Let us always remember to give thanks for that sacrifice. And let us especially remember this week, when we gather round the table in the company of our loved ones, and bow our heads to say thank-you to God. Amen.

    —Archbishop Khajag Barsamian

  • September 11 Memorial

    What follows is the text of the homily delivered by Archbishop Khajag Barsamian, Primate of the Eastern Diocese of the Armenian Church of America, during a memorial service in solemn observance of the first anniversary of the terrorist attacks on America.  The service was held on Sunday, September 8, 2002, at St. Vartan Armenian Cathedral in New York City.  It was sponsored by the Standing Conference of the Oriental Orthodox Churches of America.

    IN THE NAME OF THE FATHER, THE SON AND THE HOLY SPIRIT.  AMEN.

    "The Lord is my shepherd, I shall not want.
    He makes me lie down in green pastures.
    He leads me beside still waters.  He restores my soul.
    Even though I walk through the valley of the shadow of death,
    I will fear no evil.  For thou art with me."   (Psalm 23:1-4 RSV)

    How famous are these words of Scripture.  I have recited them countless times during my lifetime.  And yet they spoke to me--to all of us--with new force, new meaning, new clarity, beginning one year ago.  So many things changed with it.

    For on that terrible day--September 11th, 2001--we received a glimpse of a literal valley of the shadow of death. With our very eyes, we saw it come into being, where once there stood two gleaming towers.

    With our own eyes, we witnessed evil--evil of incredible proportions.  And in that moment, as we heard reports of disasters in Washington and Pennsylvania --who among us did not feel fear?  Fear of what it all meant.  Fear of what was to come next.  Fear for the lives of the thousands of innocents caught in the unfolding tragedies.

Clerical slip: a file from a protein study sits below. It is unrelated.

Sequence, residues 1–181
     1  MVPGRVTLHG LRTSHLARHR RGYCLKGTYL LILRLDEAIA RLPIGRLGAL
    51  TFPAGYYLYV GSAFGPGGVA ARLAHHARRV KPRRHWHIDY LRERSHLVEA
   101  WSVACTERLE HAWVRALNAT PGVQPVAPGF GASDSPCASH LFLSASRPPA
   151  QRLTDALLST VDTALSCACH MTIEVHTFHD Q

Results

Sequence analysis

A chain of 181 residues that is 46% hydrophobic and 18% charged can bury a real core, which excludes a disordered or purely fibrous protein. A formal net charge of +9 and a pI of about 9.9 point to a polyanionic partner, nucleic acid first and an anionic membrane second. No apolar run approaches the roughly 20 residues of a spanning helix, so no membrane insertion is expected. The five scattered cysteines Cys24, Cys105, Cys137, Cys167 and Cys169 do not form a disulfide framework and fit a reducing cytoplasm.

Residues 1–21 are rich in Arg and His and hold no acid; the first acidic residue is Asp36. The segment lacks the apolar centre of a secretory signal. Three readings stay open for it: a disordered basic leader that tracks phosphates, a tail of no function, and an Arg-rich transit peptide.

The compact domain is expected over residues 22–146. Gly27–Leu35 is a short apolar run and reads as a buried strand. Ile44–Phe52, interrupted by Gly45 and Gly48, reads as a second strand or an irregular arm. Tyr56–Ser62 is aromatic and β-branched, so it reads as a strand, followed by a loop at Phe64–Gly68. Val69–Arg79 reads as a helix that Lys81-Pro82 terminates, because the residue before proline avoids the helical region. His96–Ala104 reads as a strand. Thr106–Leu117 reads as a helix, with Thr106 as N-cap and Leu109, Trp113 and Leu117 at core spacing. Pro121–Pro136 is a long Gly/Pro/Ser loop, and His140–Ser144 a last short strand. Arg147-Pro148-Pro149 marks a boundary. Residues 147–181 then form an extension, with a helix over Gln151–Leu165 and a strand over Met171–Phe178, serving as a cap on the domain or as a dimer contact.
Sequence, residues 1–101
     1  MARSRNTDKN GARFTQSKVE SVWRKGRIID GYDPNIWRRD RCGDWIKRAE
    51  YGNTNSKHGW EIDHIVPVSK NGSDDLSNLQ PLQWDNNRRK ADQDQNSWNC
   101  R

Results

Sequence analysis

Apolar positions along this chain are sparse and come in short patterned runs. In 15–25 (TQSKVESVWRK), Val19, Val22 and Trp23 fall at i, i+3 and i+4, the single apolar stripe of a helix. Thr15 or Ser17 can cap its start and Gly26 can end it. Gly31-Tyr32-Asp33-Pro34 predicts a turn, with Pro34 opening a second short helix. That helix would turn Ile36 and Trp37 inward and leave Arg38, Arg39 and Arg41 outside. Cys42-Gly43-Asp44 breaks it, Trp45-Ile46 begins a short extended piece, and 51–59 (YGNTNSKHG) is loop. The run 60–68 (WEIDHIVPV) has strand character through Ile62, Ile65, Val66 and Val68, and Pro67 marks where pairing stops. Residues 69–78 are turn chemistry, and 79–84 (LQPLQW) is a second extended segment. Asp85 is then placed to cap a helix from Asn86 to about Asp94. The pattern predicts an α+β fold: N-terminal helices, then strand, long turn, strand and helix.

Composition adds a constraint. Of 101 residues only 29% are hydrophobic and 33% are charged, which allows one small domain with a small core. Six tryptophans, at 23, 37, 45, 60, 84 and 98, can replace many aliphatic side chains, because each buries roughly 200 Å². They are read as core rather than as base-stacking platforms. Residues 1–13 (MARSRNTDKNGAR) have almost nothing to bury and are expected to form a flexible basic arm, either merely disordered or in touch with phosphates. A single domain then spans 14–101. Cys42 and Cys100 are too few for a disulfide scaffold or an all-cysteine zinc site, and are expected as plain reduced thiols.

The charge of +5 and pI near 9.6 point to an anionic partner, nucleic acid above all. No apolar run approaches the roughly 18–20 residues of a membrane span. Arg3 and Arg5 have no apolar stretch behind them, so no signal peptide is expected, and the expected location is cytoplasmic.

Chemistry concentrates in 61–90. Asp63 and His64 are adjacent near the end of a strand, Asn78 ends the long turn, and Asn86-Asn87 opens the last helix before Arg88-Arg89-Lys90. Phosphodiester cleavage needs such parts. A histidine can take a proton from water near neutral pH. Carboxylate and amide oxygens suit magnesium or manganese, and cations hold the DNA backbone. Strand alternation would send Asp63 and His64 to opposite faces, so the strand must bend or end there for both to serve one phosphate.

The victims of September 11th lost their lives in an instant.  But let us never forget that the way they died was the result of long planning, to the smallest detail.  At any time during that period, the perpetrators had ample opportunity to acknowledge and repent the evil embodied in their plans.  But they did not.  They continued with their diabolical project, knowing full-well what the outcome would be--hoping and, most ghastly of all, praying for the maximum possible disaster, the maximum possible loss of life.

    Truly, such hate-filled evil is something to fear.  It is something to shake ones very faith.  Today, even after the passage of a whole year, one still trembles to think of the magnitude of what we witnessed.  Standing at Ground Zero, as we did earlier today, one trembles with rage, to know that you are standing on the final resting place of thousands of innocents, whose mortal remains are beyond recovery.